Victims of Terrorism (Module 14, UNODC University Module series: Counter-Terrorism)

The series of Modules on Counter-Terrorism Education, developed within the Education for Justice (E4J) initiative, aim to provide a relevant and valuable resource for lecturers teaching courses on counter-terrorism in universities and academic institutions across the world. The Modules seek to enhance students’ understanding of terrorism, its implications and related issues by providing foundational knowledge on relevant international, regional and national instruments and approaches. To increase their effectiveness, the Modules aim to connect theory to practice, encourage critical thinking, and use innovative interactive teaching approaches such as experiential learning, case studies and group-based work. The Modules are multi-disciplinary and can be integrated in a series of courses ranging from law to international relations, sociology, anthropology, criminology and many other disciplines. Whilst the primary focus is on the United Nations instruments, the Modules leave room for diverse perspectives and lecturers can easily adapt them to different local and cultural contexts.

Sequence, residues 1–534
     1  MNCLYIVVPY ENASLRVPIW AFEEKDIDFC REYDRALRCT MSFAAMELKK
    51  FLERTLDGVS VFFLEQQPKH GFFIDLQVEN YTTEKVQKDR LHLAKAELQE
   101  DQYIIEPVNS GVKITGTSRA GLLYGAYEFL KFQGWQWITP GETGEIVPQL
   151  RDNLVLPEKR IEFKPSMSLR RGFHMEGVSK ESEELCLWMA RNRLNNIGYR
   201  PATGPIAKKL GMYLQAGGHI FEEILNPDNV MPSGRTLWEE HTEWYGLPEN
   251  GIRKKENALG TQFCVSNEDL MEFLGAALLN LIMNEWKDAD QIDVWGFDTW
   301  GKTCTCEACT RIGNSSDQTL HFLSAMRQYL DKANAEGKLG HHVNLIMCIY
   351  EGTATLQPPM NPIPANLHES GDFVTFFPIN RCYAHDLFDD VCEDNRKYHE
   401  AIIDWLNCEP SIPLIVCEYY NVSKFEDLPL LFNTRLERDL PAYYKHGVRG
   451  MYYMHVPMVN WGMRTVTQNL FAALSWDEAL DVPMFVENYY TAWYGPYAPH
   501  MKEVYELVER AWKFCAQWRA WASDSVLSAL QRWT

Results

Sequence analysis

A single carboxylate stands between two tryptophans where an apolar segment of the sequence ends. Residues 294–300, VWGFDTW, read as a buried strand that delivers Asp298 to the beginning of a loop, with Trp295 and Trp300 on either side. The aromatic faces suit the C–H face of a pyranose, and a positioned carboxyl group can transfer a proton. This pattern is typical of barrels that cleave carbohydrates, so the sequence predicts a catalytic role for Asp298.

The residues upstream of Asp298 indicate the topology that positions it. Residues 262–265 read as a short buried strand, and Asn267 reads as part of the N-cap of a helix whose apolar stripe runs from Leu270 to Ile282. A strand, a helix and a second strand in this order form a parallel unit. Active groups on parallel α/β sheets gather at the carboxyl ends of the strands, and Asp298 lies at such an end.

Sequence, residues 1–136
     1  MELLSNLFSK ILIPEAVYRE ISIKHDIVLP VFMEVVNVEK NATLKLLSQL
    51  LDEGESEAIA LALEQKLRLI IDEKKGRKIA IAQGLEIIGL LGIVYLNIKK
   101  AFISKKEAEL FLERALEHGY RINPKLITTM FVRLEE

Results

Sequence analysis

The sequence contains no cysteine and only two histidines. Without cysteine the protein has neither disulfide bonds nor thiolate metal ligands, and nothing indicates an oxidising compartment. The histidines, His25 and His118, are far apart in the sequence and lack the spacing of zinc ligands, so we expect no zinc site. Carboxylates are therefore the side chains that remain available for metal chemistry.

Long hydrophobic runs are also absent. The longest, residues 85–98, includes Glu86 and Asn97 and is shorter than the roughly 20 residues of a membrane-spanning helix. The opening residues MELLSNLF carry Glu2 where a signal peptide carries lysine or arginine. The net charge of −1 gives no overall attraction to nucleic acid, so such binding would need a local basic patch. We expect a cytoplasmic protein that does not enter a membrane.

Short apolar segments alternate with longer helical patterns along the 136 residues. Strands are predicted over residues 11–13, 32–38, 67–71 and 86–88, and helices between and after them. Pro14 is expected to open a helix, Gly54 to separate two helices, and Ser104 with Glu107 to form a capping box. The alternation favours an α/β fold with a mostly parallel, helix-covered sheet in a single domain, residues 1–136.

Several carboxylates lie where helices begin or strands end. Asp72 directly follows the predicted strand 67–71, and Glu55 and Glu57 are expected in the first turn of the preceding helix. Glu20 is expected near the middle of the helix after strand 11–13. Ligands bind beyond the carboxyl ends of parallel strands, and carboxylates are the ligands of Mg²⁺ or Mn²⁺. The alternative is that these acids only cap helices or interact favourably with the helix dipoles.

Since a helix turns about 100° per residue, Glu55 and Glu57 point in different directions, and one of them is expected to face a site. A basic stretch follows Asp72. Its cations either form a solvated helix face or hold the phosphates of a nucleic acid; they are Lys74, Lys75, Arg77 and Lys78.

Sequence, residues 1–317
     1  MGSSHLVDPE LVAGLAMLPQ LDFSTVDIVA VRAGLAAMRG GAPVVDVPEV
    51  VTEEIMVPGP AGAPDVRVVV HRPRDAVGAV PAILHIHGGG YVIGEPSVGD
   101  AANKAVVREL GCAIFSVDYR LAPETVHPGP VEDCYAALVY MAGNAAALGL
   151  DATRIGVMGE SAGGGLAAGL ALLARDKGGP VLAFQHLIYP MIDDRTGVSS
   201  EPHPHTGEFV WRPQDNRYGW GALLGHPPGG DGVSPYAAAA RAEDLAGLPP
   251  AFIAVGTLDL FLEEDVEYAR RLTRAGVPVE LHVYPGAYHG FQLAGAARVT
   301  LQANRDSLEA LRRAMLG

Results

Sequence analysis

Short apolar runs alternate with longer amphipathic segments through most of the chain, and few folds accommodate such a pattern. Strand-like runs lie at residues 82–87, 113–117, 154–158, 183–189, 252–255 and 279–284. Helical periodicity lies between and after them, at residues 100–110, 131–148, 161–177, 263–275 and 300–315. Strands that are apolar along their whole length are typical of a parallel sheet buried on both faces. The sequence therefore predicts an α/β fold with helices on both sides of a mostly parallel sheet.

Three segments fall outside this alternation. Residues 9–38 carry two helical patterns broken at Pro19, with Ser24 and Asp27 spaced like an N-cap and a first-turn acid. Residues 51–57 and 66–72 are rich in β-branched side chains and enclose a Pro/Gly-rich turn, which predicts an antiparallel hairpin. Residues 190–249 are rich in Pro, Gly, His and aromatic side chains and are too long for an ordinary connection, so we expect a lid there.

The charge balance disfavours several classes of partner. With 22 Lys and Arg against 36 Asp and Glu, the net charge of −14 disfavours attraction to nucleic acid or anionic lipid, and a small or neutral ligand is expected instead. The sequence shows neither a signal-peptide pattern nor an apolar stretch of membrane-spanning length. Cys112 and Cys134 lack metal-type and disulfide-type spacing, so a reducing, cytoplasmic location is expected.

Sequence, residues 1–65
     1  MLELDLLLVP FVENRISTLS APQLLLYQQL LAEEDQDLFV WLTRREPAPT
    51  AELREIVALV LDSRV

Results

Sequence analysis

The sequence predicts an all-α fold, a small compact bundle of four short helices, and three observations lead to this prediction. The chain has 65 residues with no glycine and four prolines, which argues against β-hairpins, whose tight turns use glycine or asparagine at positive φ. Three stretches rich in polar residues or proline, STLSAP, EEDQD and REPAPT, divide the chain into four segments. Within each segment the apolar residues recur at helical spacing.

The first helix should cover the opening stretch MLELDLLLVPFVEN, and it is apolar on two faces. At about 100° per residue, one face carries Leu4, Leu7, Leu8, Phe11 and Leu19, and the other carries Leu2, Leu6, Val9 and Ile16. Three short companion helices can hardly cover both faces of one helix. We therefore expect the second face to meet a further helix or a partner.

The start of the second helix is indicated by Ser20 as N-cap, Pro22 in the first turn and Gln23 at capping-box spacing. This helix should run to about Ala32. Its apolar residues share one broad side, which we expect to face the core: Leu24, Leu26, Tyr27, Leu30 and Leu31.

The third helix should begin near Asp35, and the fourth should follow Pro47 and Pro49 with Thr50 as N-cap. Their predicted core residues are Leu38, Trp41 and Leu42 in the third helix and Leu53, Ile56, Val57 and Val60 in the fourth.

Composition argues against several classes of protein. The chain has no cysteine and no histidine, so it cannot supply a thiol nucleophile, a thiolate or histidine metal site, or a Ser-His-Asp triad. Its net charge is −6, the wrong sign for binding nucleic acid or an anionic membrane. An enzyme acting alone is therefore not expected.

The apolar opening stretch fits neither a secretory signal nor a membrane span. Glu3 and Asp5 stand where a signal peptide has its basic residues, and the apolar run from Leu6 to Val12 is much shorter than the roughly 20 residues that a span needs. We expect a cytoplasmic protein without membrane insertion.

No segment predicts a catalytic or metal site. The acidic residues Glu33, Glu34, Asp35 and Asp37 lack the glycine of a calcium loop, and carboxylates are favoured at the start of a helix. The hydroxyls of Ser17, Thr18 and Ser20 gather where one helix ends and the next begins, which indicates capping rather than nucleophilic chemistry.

Counter-Terrorism_module_overview_imageModule 14. Victims of Terrorism

One of the primary consequences of terrorism – indeed, normally a principal terrorist objective – is that there are victims. This can take several different forms, such as the loss of life, personal injury, damage to property, being taken hostage, sexual violence and so forth. Yet sometimes the needs or perspectives of victims are overlooked or afforded insufficient attention by the international community. This Module, therefore, examines such issues, drawing upon both legal and interdisciplinary perspectives in examining applicable frameworks, exploring the meaning of key concepts such as ‘victim’ and ‘justice’, and seeking to better understand the needs of victims of terrorism as well as common justice or support challenges faced by them.

Learning outcomes

Consider the meaning and importance of key concepts, especially of “victim”, “trauma”, and “justice” in the specific context of victims.

Explain the international, regional and national legal frameworks governing the rights of victims of terrorism.

Identify some of the principal challenges for victims seeking justice, including reparation and compensation.

Understand the interdisciplinary perspectives, namely of traumatology and victimology, that provide a basis for examining these issues from the perspective of victims.

The full module is avaliable at UNODC website

TopicVictims of terrorism


Themes: Victims of terrorism